Did you know that February 14-20 is Random Acts of Kindness Week? At Loyola, it’s also our week for Compassionate Campus. During this week, we make a renewed commitment to being men and women for and with each other. It’s a time to notice all the compassion already around you, and to reflect on ways to increase your own capacity for compassion.
What comes to mind when you think of compassion, and is it meaningful to you? Sometimes it can feel daunting to try and embody lofty ideals. Other times, it can feel as if these ideals are saccharine greeting card notions, devoid of substance. How do you keep the idea of compassion relevant and present for yourself?
At its root, compassion means to “feel with.” In every day practice, compassion means to acknowledge the suffering, real or potential, of the people you interact with, and to do your best to lessen it. Do people leave their interactions with you happier or sadder; angrier or consoled? How do you like to be treated, and is it difficult or easy for you to treat others this way?
Often we are our own harshest critics. Do you treat yourself with compassion? Do you talk to yourself like you talk to your best friend, or your worst enemy? Many people believe that they won’t accomplish anything without self-criticism, but try using self-encouragement instead. Feel too drained to take care of anyone else? Start with yourself. Compassion is not about perfection or self-sacrifice, but rather the belief that collectively we have enough resources to take care of each other and ourselves, or at least the desire and ability to work towards this abundance.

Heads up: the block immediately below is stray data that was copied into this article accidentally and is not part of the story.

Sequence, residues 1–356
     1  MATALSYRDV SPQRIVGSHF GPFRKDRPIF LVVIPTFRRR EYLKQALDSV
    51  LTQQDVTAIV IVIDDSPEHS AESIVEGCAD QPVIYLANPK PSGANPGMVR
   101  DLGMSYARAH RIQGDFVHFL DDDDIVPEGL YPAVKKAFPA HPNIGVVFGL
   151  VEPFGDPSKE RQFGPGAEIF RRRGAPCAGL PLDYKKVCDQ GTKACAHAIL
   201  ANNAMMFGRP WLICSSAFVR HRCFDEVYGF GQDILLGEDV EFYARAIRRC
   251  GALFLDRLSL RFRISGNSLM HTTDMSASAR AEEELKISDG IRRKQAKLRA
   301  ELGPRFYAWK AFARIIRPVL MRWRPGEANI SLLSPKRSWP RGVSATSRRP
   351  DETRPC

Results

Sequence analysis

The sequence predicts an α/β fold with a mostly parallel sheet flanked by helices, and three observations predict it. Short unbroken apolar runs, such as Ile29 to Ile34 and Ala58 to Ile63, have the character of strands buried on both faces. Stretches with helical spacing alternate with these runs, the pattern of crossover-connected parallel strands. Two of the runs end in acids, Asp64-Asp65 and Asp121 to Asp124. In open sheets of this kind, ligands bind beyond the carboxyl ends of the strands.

Compassionate Campus is not only about reflecting on your own capacity for compassion, but also a chance to notice the compassionate acts taking place around you all the time. Imagine yourself as a kindness curator, and your world suddenly becomes a lot easier to inhabit.
Sound impossible? Not sure where to start? Stop by the One Loyola Room this week, and get some help. Commit to living a more compassionate life for one week, and see if it makes a difference.